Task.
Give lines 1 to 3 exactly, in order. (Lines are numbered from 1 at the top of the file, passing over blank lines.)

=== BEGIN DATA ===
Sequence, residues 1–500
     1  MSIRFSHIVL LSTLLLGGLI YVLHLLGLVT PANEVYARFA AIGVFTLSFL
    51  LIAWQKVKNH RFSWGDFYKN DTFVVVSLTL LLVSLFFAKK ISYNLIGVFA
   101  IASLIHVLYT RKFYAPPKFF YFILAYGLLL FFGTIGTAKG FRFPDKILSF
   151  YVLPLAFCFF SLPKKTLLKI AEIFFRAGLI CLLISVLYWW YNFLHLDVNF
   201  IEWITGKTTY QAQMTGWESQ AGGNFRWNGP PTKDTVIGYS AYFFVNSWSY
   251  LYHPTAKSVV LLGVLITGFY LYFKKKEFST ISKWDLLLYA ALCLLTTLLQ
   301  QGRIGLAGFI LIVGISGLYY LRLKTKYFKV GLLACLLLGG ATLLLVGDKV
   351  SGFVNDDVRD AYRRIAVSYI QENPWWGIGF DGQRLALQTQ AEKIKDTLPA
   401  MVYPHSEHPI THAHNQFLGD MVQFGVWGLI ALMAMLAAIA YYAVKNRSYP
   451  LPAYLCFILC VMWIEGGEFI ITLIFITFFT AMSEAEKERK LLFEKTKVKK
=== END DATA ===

Sequence, residues 1–500
     1  MSIRFSHIVL LSTLLLGGLI YVLHLLGLVT PANEVYARFA AIGVFTLSFL
    51  LIAWQKVKNH RFSWGDFYKN DTFVVVSLTL LLVSLFFAKK ISYNLIGVFA